I don’t know if dog owners eventually begin to resemble their favorite pets, but I do believe that many fishermen begin to adopt the personality traits of their favorite fish. I’ll skip my observations about finicky walleye anglers and pugnacious bass fishermen for fear of offending anyone who fell upon this page by mistake.
My point here concerns flathead fishermen. The boys who play this game know that their quarry demands a hefty price — time. Part of the bill is paid catching and caring for the bait, usually big lively baitfish like bullheads, chubs, or sunfish. The balance is due when that bait is put to use, at a time when the rest of the world is fast asleep.
Most flathead anglers believe the price is reasonable, or they start fishing channel cats or some other species that can be caught at a decent hour. Some of them even adjust their own internal clock around the flathead’s natural cycle — staying up later at night and sleeping long past dawn, hitting their stride at about the same time flatheads begin prowling.
Truth is that most of these guys think the bait deal is pretty cool, too. My fish aren’t scavenging around on the bottom looking for decomposing morsels, they’ll tell you; flatheads hunt big, lively baitfish. This predatory mindset is tough to break — both their perception of the flathead as a pure predator, and their perception of themselves as some kind of nocturnal warrior.
But there’s more than one way to play this game. Flatheads can be caught on deadbaits, and they can be caught during the day. We shared the beginning of this story a year ago in a piece about Ryan Wassink and his brother Vaughn, a couple of nontraditional flathead anglers from Hull, Iowa, who catch lots of big fish every summer on cutbait from the Minnesota River.
Then we heard from Dean Opatz (952-492-3720) a flathead guide and deputy sheriff from Jordan, Minnesota. We’ve known Opatz for several years, and spent several nights on the river with him in search of flatheads. But we didn’t know how far he’d ventured from the flock until last fall, when he could no longer hold his secret: “I don’t like fishing at night anymore.”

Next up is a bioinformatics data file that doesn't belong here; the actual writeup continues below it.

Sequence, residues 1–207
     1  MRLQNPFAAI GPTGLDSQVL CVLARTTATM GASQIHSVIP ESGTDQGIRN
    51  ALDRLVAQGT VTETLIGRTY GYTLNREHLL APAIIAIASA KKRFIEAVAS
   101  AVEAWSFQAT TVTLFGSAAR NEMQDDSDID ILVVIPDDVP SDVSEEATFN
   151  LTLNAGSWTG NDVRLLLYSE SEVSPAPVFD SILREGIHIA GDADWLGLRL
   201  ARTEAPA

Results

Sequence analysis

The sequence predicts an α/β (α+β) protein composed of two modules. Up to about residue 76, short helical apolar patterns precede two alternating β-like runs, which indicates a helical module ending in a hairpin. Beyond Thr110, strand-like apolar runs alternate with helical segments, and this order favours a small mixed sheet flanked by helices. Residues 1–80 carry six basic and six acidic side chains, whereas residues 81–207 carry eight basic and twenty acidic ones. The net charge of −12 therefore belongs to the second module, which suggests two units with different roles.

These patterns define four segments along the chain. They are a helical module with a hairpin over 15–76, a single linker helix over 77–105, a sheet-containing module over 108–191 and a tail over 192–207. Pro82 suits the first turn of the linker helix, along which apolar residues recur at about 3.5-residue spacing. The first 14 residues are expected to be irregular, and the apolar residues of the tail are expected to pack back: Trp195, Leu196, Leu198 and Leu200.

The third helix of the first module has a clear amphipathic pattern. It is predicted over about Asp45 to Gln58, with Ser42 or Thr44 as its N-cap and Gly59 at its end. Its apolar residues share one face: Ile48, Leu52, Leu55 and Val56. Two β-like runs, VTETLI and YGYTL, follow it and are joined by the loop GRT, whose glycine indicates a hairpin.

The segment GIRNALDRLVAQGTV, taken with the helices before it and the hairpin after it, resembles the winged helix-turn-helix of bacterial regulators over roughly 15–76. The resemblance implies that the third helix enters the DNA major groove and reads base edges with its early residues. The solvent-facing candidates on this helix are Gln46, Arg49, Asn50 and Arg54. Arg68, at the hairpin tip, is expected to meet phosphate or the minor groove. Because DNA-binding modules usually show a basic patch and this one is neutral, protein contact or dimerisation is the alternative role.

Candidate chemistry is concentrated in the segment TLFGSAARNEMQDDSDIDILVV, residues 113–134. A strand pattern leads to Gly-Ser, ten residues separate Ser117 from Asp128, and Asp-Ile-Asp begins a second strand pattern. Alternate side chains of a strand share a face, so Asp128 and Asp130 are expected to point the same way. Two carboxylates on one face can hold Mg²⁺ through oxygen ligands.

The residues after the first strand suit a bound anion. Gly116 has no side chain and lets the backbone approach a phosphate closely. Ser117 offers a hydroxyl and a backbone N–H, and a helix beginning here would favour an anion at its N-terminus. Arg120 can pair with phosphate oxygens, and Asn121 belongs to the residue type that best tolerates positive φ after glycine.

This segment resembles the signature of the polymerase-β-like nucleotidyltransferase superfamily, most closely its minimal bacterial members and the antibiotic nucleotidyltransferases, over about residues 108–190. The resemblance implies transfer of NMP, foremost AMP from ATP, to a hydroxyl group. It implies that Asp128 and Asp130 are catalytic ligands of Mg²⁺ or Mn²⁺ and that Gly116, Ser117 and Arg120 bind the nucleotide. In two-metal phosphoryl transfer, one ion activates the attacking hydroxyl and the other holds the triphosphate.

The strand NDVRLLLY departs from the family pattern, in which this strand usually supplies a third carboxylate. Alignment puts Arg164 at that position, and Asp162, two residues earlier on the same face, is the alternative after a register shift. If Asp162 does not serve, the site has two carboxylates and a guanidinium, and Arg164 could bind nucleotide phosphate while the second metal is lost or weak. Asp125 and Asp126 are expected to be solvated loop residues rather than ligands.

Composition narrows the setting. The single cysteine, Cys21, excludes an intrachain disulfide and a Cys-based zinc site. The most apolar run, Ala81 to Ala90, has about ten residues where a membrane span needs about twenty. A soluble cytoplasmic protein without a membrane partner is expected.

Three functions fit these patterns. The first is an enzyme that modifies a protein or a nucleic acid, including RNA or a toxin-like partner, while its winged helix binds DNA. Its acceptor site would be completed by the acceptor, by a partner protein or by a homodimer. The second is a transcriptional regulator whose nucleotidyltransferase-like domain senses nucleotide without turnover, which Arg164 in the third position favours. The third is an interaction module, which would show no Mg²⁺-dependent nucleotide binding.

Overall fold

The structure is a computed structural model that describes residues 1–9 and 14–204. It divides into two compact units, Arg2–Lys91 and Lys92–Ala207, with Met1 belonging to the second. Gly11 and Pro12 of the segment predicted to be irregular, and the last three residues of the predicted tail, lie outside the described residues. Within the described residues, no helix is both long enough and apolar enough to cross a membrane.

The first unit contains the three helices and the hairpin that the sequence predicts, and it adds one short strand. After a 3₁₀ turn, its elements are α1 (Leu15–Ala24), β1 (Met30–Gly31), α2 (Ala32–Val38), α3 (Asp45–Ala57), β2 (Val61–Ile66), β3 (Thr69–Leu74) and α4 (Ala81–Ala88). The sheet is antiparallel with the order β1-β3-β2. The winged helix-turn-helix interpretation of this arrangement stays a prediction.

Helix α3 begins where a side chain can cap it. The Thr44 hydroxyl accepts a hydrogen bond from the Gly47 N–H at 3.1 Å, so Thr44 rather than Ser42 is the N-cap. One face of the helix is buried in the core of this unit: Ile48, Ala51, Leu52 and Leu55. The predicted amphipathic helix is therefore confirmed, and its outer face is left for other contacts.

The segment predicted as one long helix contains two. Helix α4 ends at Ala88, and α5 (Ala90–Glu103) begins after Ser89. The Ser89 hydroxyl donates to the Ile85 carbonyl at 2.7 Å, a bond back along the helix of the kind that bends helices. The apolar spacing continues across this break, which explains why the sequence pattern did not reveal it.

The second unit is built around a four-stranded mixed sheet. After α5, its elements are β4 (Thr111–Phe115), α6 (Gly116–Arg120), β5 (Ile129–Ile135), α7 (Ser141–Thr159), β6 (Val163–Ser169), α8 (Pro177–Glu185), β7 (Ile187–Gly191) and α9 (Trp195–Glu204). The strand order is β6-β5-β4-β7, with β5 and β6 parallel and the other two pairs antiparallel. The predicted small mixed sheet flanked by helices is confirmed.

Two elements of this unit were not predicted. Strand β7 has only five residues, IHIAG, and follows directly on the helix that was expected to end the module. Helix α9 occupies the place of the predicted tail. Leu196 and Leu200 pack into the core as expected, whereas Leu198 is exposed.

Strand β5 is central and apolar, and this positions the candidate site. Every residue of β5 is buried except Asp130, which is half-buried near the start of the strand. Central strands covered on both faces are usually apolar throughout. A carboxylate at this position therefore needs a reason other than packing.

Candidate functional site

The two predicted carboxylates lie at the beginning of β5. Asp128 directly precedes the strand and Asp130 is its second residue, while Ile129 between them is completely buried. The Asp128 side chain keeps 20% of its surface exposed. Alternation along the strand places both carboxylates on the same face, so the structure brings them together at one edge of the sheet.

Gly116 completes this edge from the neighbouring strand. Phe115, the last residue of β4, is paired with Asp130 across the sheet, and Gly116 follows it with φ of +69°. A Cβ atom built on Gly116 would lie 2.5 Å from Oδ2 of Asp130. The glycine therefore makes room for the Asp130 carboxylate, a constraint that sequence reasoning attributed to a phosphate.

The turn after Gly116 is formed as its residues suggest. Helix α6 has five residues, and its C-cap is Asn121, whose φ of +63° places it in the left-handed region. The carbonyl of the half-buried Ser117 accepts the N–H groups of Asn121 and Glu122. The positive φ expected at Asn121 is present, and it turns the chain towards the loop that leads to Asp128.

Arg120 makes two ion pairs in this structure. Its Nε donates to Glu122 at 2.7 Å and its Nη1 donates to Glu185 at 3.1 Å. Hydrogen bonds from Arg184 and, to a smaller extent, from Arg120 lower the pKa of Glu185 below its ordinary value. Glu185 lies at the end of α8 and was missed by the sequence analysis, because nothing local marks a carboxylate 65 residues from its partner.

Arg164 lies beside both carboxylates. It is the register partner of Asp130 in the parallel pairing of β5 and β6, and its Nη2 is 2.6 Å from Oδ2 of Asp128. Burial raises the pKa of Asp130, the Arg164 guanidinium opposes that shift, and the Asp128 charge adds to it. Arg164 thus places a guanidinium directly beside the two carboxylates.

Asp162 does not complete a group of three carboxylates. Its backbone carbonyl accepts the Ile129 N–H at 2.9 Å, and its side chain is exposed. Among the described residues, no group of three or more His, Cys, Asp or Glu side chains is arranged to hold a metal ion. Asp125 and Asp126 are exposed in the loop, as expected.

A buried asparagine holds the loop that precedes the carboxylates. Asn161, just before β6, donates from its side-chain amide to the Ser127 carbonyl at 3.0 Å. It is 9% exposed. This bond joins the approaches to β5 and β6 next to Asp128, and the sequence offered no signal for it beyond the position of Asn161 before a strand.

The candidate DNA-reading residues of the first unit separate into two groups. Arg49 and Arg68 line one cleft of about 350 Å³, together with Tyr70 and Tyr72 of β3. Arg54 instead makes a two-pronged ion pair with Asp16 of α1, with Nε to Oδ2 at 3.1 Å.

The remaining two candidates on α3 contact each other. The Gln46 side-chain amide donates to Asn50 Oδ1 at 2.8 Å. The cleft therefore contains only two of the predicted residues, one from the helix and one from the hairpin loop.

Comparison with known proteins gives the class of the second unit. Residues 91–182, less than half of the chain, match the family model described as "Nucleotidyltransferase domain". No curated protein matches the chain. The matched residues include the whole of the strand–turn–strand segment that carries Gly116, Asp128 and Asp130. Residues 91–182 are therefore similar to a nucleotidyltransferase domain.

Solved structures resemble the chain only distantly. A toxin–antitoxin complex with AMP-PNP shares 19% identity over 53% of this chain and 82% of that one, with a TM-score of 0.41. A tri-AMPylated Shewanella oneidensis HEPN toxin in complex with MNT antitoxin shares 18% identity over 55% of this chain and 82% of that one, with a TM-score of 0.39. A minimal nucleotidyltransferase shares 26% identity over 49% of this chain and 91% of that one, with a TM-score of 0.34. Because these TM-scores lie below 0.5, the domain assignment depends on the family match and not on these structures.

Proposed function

To some that might not sound like a big deal, but to a flathead fishermen, it’s like a soldier confessing during the middle of a battle that he’s chosen the wrong side. But Opatz, or Opie as he’s known around the sheriff’s office, hasn’t given up flatheads; he’s just stopped losing sleep over them. According to his fishing log, he caught more flathead catfish during the day last year than at night during his previous best season.
A DAY AND NIGHT DIFFERENCE
We’ve said before that flatheads occasionally eat a fresh piece of cutbait intended for a blue or channel catfish, particularly when their metabolism is in high gear toward the end of the Prespawn Period. Few flathead fishermen, though, would recommend targeting flatheads with cutbait throughout the season, especially during the middle of the day. But that’s exactly what Opatz does.
“The best bite usually occurs between 10 a.m. and 2 p.m.,” he says. “Flatheads usually cover a large area when they’re prowling after dark. They might move onto the flat in front of a big snag, then move out to the river channel, and finally circle downstream behind the snag before finally returning to the safety and comfort of their lairs.”
The problem anglers face is deciding where to set up to intercept these actively feeding fish. “Every area has one or two high-percentage spots,” Opatz says, “but it’s impossible to know when a flathead will use that spot. Maybe they’ll move in a different direction, or maybe they’ll eat a big baitfish before they find your bait. The only way to know for sure is to sit and wait.”
Continued – click on page link below.